Deborah J. Veis (Novack), M.D., Ph.D.

Professor
Internal Medicine
Bone & Mineral Diseases
Pathology and Immunology

Molecular Cell Biology Program
Molecular Microbiology and Microbial Pathogenesis Program
Immunology Program
Cancer Biology Program

  • 314-454-8472

  • 314-454-5975

  • 314-454-5047

  • BJC Institute of Health, 11th floor

  • dveis@wustl.edu

  • https://bonehealth.wustl.edu/research/laboratories/veis-lab/

  • bone biology, osteoclast, cancer, metastasis, osteoporosis, microenvironment, osteoblast, osteomyelitis, infection

  • The bone microenvironment for cancer and infection

Research Abstract:

The Veis lab utilizes a combination of transgenic mouse models and pharmacological approaches to study the molecular regulation of bone mass under basal and diseased conditions, including infection, postmenopausal osteoporosis, and bone metastasis. Our overarching research questions include:

1. How does the bone microenvironment propagate bacterial insult to the bone by S. aureus?
• Bacterial infection of the bone leads to severe disruption of skeletal integrity that often requires amputation
• We’re using in vitro and in vivo models of osteomyelitis (bone infection) to understand how bone cells interact with S. aureus

2. How do tumor cells interact with the bone microenvironment?
• Our primary model now is Adult T-cell Leukemia (ATL), caused by HTLV1 retroviral infection. It is associated with systemic bone loss as well as focal osteolytic lesions.
• We have multiple mouse models (using human ATL or HTLV-infected T cell lines) as well as patient samples.
• Our current focus is on exosomes (small extracellular vesicles) released by HTLV-infected T cell and the mechanisms by which they cause bone loss. We are studying them with a variety of techniques including RNAseq and proteomics.




Mentorship and Commitment to Diversity Statement:
My philosophy is that each lab member brings a unique set of skills and creativity to the group, with individualized career goals. My job as mentor is to help everyone build on their strengths and tackle their challenges as they contribute to the lab’s research projects while growing towards their own career goals. The best science emerges from a robust discussion about the scientific questions and the techniques used to address them, how to interpret the data, and how best to present them. I am not a micromanager, and those who thrive best are self-directed and self-motivated. My door is open, and there is no such thing as a stupid question – it is always preferable to answer a question early on than discover later that someone did not want to “bother me” to ask. Most of our projects are collaborative, taking advantage of the wealth of expertise in the Washington University Musculoskeletal Research Center. The research opportunities, combined with personalized mentorship, provide a positive environment in which anyone with an inquiring mind, regardless of their background, can develop as a scientist.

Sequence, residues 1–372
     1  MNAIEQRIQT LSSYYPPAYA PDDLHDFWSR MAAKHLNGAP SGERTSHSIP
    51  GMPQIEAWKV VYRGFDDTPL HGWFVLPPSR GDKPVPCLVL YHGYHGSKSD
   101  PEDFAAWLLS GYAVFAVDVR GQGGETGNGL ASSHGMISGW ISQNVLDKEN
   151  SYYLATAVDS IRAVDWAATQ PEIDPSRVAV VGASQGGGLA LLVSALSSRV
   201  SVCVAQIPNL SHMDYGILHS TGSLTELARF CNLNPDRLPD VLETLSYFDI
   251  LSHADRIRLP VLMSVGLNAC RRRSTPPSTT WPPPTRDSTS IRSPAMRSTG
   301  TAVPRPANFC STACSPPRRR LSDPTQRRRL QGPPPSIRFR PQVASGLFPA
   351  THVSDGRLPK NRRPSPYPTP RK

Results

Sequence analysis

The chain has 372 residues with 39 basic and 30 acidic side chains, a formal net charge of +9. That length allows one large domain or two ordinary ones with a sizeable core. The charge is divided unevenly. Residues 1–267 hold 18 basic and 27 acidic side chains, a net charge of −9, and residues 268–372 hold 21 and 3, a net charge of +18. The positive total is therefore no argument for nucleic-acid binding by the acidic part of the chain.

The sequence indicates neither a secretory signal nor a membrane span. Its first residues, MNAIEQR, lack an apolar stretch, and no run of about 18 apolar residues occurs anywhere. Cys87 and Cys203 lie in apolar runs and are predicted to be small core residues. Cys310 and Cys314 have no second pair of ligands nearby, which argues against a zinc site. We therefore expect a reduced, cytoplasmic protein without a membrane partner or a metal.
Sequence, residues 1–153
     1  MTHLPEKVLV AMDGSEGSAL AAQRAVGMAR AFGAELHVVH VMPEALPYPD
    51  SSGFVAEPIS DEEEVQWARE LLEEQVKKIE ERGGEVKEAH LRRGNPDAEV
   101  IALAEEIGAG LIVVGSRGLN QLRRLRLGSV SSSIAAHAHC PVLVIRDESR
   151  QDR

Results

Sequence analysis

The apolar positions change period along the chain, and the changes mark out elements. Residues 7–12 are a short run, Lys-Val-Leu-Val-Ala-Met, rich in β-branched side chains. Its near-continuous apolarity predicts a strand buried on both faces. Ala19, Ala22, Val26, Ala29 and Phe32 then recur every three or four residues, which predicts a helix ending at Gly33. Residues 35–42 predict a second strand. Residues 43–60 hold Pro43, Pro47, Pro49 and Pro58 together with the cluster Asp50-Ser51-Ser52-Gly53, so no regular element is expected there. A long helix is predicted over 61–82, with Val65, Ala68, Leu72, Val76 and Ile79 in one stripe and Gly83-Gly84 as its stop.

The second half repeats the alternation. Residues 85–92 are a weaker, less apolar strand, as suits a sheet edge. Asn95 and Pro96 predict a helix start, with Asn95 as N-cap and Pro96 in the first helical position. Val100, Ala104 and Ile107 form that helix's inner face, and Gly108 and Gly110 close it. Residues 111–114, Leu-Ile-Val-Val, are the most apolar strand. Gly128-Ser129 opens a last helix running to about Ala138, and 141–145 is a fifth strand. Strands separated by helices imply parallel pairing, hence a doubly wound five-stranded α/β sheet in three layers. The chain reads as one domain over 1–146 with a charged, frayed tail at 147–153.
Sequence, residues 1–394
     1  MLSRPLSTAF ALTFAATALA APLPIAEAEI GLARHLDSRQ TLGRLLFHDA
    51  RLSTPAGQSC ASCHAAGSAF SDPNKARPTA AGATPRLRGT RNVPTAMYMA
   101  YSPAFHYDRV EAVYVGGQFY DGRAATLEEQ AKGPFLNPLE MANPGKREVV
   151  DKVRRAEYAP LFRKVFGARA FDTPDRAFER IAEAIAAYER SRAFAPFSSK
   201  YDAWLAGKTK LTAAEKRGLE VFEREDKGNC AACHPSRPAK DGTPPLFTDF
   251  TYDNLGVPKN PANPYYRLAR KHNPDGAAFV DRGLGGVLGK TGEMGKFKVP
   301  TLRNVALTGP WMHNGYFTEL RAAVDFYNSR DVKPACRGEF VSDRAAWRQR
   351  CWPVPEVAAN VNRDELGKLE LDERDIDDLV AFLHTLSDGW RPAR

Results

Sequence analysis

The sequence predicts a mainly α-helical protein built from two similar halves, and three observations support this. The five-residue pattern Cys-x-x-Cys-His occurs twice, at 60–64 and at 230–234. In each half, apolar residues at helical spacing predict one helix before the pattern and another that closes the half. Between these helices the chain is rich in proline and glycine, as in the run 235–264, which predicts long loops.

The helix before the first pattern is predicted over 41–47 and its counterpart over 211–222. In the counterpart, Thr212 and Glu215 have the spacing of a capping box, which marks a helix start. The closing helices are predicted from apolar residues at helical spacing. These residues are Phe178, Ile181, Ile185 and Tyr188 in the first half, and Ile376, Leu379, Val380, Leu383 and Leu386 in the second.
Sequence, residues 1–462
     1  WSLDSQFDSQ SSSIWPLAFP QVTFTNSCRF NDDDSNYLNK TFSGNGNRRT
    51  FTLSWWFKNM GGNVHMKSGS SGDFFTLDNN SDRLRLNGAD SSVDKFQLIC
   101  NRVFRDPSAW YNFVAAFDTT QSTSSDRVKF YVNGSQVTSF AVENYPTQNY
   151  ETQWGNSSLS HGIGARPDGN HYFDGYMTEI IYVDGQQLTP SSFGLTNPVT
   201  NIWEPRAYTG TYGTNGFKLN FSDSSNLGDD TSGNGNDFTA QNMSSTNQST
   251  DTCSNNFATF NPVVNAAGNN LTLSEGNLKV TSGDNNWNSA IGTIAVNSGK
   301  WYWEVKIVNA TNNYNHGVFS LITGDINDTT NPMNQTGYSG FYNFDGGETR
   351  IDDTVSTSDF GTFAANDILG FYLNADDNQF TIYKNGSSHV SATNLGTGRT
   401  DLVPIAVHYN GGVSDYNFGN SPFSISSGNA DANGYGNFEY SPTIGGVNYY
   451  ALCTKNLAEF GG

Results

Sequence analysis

Selected Publications:

Complete bibliography:
http://www.ncbi.nlm.nih.gov/sites/myncbi/deborah.novack.1/bibliography/41570813/public

Kohart NA, Elshafae SM, Supsahvad W, Alasonyalilar-Demirer A, Panfil AR, Xiang J, Dirksen WP, Veis DJ, Green PL, Weilbaecher KN, Rosol TJ. Mouse Model Recapitulates the Phenotypic Heterogeneity of Human Adult T-cell Leukemia/Lymphoma in Bone. J Bone Oncol. 2019 Dec;19:100257. PMCID: PMC6911918.

Xiang J, Rauch DA, Huey DD, Panfil AR, Cheng X, Esser AK, Su X, Harding JC, Xu Y, Fox GC, Fontana F, Kobayashi T, Su J, Sundaramoorthi H, Wong WH, Jia Y, Rosol TJ, Veis DJ, Green PL, Niewiesk S, Ratner L, Weilbaecher KN. HTLV-1 Viral Oncogene HBZ Drives Bone Destruction in Adult T-Cell Leukemia. JCI Insight. 2019 Oct 3;4(19). PMCID: PMC6795409.

Krauss JL, Roper PM, Ballard A, Shih CC, Fitzpatrick JAJ, Cassat JE, Ng PY, Pavlos NJ, Veis DJ. Staphylococcus aureus Infects Osteoclasts and Replicates Intracellularly. mBio. 2019 Oct 15;10(5). PMCID: PMC6794488

Roper PM, Eichelberger KR, Cox L, O'Connor L, Shao C, Ford CA, Fritz SA, Cassat JE, Veis DJ. Contemporary clinical isolates of Staphylococcus aureus from pediatric osteomyelitis patients display unique characteristics in a mouse model of hematogenous osteomyelitis. Infection and Immunity. 2021 Sep 16;89(10):e0018021.

Roper PM, Shao C, Veis DJ. Multitasking by the OC Lineage during Bone Infection: Bone Resorption, Immune Modulation, and Microbial Niche. Cells. 2020 Sep 24; 9(10). Review. PMCID: PMC7598711.

Veis DJ, Cassat JE. Infectious Osteomyelitis: Marrying Bone Biology and Microbiology to Shed New Light on a Persistent Clinical Challenge. J Bone Miner Res. 2021 Apr;36(4):636-643.




Last Updated: 11/10/2022 10:08:13 AM

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